BERLIN (AP) — The German government said Friday it is formally suspending export credit and investment guarantees for business in Iran in the wake of authorities’ crackdown on protests.
The Economy Ministry said it also has suspended other “economic formats,” including a dialogue on energy issues, in view of “the very serious situation in Iran.”
Export credit guarantees protect German companies from losses when exports aren’t paid for. Investment guarantees are granted to protect direct investments by German companies from political risk in the countries where they are made.
The ministry said that use of those instruments for projects in Iran was suspended for decades until there was a “short phase of opening” from 2016 as a result of Iran’s agreement with world powers, including Germany, on its nuclear program. It said that guarantees were granted or extended for a few projects in that period, but there have been no new ones since 2019.
The German government has now decided to “suspend completely” the guarantees, it added, and exemptions can only be granted if there are solid humanitarian reasons. German-Iranian trade totaled 1.76 billion euros (nearly $1.9 billion) in 2021 and 1.49 billion euros in the first nine months of this year, the ministry said.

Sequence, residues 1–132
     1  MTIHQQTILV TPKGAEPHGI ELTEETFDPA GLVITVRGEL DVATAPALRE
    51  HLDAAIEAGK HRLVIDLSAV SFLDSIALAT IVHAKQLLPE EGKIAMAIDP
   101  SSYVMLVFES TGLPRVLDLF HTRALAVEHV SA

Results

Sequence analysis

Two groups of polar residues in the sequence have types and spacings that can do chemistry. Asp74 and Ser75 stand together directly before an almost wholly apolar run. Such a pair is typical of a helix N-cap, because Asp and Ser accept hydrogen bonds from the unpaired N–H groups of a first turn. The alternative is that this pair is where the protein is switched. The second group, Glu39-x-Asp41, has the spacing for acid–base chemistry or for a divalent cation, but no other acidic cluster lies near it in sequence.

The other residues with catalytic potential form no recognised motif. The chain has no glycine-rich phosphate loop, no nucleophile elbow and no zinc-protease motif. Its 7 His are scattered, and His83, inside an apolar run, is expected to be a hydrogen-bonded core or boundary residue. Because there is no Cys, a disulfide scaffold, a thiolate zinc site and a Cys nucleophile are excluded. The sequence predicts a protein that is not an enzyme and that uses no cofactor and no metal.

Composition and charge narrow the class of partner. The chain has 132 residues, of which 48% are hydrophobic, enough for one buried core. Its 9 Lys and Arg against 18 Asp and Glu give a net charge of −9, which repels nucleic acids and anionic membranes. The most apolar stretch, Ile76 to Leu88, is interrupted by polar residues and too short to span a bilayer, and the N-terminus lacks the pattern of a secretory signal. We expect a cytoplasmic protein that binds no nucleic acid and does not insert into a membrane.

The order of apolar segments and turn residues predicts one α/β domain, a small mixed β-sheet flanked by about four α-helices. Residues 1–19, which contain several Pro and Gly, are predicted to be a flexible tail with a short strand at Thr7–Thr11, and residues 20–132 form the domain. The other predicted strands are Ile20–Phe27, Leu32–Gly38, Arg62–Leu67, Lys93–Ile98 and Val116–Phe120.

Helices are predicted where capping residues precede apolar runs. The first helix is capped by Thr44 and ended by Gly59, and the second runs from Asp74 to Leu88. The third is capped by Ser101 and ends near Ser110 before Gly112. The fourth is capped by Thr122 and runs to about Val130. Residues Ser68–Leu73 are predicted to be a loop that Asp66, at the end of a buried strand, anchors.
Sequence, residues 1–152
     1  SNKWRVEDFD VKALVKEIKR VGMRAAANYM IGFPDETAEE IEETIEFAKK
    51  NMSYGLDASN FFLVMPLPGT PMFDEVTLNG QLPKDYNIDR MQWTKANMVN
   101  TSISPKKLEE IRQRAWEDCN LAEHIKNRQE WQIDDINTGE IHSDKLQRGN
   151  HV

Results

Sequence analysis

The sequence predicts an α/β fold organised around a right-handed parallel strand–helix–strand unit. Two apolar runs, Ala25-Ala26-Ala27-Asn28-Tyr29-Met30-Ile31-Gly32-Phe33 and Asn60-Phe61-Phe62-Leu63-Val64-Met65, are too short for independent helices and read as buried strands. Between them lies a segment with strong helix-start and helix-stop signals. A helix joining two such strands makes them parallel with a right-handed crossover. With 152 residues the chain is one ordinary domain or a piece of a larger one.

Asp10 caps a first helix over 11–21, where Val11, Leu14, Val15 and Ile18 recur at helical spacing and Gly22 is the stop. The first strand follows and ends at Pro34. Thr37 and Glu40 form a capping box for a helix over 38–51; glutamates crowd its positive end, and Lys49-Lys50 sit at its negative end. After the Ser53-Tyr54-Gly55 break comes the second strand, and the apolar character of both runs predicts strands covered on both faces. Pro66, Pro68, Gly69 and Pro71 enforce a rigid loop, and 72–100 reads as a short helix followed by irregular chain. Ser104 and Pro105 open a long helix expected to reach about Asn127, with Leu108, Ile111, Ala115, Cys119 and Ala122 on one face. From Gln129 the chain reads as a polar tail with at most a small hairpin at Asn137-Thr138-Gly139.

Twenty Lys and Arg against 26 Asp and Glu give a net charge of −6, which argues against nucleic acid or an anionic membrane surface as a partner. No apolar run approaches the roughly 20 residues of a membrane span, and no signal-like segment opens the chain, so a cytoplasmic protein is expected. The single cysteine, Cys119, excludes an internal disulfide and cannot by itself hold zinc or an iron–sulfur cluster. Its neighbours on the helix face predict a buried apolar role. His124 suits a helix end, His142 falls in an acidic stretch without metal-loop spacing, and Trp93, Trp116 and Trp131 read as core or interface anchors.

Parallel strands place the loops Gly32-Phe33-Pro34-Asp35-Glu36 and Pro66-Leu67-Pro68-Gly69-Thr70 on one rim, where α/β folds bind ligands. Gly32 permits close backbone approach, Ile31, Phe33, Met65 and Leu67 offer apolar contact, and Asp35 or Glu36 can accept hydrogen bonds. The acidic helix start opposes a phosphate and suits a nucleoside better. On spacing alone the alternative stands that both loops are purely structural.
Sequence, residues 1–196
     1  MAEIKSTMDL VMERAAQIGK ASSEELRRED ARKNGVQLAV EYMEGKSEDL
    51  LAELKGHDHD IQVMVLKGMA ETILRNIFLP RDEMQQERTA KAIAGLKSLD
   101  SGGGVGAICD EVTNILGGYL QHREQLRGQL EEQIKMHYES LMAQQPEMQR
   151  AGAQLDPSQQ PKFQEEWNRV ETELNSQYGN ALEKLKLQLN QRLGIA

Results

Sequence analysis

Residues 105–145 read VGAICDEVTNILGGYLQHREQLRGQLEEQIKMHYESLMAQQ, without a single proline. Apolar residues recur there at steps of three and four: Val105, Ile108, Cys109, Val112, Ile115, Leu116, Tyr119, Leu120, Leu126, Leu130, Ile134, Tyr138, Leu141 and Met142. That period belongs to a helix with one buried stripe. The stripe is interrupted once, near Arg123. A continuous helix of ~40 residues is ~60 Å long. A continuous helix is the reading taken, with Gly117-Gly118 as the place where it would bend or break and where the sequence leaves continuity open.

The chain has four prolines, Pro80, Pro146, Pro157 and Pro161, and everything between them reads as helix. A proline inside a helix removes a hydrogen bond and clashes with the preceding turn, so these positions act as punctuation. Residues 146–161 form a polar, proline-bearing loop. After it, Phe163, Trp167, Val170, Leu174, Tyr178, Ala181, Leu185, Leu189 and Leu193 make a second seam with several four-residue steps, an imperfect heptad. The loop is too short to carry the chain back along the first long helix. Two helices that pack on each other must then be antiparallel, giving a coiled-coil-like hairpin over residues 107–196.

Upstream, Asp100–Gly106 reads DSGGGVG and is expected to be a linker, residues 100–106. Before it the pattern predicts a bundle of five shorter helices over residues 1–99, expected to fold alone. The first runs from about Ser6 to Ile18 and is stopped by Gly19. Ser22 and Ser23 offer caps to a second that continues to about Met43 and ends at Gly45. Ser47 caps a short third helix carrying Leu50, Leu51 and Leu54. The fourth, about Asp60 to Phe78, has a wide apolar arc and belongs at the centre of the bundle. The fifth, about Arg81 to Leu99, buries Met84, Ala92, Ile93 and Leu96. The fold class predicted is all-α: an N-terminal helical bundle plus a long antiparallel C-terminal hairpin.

Nationwide protests erupted in September after the death of 22-year-old Mahsa Amini, detained by the morality police for allegedly violating Iran’s strict dress code for women. They have since transformed into calls for the overthrow of Iran’s ruling clerics. Authorities have sought to stamp out the demonstrations and ramp up pressure on critics.
Since the protests started, the United States and European Union imposed additional sanctions on Iran for its brutal treatment of demonstrators and its decision to send hundreds of drones to Russia for its war in Ukraine. Germany pushed for a meeting of the U.N. Human Rights Council last month that voted to condemn the crackdown and create an independent fact-finding mission.
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